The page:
Go to the first, previous, next, last section, table of contents.

## Rounding and Remainder Functions

The functions listed here perform operations such as rounding, truncation, and remainder in division of floating point numbers. Some of these functions convert floating point numbers to integer values. They are all declared in `math.h'.

You can also convert floating-point numbers to integers simply by casting them to `int`. This discards the fractional part, effectively rounding towards zero. However, this only works if the result can actually be represented as an `int`---for very large numbers, this is impossible. The functions listed here return the result as a `double` instead to get around this problem.

Function: double ceil (double x)
The `ceil` function rounds x upwards to the nearest integer, returning that value as a `double`. Thus, `ceil (1.5)` is `2.0`.

Function: double floor (double x)
The `ceil` function rounds x downwards to the nearest integer, returning that value as a `double`. Thus, ```floor (1.5)``` is `1.0` and `floor (-1.5)` is `-2.0`.

Function: double rint (double x)
This function rounds x to an integer value according to the current rounding mode. See section Floating Point Parameters, for information about the various rounding modes. The default rounding mode is to round to the nearest integer; some machines support other modes, but round-to-nearest is always used unless you explicit select another.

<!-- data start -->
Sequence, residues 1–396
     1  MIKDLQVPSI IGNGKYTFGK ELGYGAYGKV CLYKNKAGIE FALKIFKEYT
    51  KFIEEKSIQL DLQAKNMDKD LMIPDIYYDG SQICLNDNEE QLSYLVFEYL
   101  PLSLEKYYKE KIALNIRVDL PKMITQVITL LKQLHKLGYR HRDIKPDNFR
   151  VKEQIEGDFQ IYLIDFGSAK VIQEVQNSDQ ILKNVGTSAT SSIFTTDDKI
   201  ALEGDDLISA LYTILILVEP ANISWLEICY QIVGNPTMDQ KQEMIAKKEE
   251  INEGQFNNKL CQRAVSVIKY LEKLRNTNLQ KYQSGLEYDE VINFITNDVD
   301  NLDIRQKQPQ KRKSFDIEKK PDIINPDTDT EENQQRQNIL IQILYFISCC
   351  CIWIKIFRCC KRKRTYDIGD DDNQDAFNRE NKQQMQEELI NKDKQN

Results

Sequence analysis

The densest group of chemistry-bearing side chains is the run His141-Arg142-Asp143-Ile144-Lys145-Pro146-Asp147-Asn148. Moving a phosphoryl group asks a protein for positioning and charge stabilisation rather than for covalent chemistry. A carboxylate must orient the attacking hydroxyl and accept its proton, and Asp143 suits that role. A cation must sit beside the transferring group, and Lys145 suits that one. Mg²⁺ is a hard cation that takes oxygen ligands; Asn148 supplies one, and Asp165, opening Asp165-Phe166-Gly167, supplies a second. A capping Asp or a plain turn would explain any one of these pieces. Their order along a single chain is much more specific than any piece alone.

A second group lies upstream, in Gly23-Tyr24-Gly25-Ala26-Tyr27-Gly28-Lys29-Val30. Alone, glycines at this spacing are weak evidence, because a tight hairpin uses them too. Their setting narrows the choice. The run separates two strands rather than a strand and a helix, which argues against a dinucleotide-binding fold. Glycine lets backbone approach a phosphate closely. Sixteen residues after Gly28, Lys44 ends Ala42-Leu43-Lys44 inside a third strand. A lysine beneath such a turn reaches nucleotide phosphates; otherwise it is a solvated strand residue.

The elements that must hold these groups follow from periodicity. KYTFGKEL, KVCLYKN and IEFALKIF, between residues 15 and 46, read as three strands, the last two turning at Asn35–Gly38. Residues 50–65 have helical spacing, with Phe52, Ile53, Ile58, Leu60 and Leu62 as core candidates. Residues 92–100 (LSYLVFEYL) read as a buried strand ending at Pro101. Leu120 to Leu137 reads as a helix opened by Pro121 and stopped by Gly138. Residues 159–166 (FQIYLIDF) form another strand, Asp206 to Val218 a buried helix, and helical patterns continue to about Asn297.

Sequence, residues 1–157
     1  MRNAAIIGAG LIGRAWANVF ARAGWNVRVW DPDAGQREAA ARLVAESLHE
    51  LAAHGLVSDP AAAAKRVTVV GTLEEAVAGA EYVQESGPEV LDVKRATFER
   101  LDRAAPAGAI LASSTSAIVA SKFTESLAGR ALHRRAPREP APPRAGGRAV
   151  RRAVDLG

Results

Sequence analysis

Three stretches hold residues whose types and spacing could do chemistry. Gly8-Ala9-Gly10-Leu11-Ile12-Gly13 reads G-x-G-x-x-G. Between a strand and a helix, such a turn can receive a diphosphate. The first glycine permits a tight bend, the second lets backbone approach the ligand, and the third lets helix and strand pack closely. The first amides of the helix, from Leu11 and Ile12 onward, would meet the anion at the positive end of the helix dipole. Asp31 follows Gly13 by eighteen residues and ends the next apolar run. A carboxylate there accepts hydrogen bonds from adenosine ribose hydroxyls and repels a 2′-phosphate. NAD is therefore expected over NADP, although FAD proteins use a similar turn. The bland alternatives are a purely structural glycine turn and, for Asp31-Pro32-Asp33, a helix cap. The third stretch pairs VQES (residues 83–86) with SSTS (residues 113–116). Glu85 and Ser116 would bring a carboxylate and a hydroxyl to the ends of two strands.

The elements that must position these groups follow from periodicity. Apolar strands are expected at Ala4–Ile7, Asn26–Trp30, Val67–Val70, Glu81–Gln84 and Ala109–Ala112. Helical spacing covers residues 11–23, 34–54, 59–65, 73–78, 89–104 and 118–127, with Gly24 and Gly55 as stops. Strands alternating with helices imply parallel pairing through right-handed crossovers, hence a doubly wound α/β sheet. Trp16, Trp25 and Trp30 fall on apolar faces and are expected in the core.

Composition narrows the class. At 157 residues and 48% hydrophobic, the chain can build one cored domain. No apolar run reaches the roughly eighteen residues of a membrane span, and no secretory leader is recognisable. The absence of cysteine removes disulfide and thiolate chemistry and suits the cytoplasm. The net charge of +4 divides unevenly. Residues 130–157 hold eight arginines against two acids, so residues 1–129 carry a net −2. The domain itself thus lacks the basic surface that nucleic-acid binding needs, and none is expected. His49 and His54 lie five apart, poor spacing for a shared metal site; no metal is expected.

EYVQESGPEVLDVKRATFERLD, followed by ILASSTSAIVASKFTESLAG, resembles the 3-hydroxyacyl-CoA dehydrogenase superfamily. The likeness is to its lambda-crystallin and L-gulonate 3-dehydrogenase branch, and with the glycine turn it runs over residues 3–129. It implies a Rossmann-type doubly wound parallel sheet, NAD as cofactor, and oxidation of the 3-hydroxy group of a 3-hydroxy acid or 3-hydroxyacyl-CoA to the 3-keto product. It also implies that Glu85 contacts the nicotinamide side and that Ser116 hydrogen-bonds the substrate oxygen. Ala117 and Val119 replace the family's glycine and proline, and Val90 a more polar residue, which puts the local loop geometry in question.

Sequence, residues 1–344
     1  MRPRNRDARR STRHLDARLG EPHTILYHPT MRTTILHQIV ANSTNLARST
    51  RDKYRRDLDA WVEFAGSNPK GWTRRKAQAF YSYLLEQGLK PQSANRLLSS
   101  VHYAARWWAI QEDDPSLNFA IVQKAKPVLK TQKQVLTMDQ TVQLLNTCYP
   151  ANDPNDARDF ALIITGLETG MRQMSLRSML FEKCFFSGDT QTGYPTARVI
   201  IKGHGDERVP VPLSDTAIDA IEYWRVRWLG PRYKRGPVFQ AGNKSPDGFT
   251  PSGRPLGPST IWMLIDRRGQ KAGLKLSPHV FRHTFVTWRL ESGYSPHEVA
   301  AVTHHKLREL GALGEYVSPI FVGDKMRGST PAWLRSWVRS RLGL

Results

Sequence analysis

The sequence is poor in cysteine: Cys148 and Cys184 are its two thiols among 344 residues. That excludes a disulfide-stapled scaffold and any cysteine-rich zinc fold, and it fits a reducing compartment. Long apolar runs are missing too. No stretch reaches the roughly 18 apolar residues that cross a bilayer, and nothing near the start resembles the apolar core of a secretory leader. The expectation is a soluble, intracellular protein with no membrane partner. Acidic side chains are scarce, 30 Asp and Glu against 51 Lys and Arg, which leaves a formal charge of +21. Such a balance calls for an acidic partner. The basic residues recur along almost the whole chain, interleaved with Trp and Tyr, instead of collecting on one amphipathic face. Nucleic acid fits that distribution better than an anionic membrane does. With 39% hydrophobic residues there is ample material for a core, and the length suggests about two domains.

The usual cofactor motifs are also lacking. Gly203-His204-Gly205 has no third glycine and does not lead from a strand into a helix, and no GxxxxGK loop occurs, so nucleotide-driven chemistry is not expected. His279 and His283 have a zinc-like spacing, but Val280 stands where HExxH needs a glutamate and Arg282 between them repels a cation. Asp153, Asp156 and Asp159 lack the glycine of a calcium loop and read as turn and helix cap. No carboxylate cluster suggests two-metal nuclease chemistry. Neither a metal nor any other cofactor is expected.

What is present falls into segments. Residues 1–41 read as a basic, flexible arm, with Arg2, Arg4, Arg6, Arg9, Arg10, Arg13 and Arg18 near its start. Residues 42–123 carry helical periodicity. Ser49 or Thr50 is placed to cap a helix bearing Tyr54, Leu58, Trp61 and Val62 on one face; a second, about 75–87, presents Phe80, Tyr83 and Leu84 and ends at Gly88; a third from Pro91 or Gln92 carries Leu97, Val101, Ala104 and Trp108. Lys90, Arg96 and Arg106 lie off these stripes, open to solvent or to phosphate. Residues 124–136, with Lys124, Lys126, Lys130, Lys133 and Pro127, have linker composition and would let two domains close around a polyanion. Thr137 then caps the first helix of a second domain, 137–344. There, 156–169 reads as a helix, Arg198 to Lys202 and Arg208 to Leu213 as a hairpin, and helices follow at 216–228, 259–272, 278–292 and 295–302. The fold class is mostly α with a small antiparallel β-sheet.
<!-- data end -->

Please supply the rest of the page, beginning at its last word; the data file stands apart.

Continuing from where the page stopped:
Function: double modf (double value, double *integer-part)
This function breaks the argument value into an integer part and a fractional part (between `-1` and `1`, exclusive). Their sum equals value. Each of the parts has the same sign as value, so the rounding of the integer part is towards zero.

`modf` stores the integer part in `*integer-part`, and returns the fractional part. For example, `modf (2.5, &intpart)` returns `0.5` and stores `2.0` into `intpart`.

Function: double fmod (double numerator, double denominator)
This function computes the remainder from the division of numerator by denominator. Specifically, the return value is `numerator - n * denominator`, where n is the quotient of numerator divided by denominator, rounded towards zero to an integer. Thus, `fmod (6.5, 2.3)` returns `1.9`, which is `6.5` minus `4.6`.

The result has the same sign as the numerator and has magnitude less than the magnitude of the denominator.

If denominator is zero, `fmod` fails and sets `errno` to `EDOM`.

Function: double drem (double numerator, double denominator)
The function `drem` is like `fmod` except that it rounds the internal quotient n to the nearest integer instead of towards zero to an integer. For example, `drem (6.5, 2.3)` returns `-0.4`, which is `6.5` minus `6.9`.

The absolute value of the result is less than or equal to half the absolute value of the denominator. The difference between `fmod (numerator, denominator)` and ```drem (numerator, denominator)``` is always either denominator, minus denominator, or zero.

If denominator is zero, `drem` fails and sets `errno` to `EDOM`.

Go to the first, previous, next, last section, table of contents.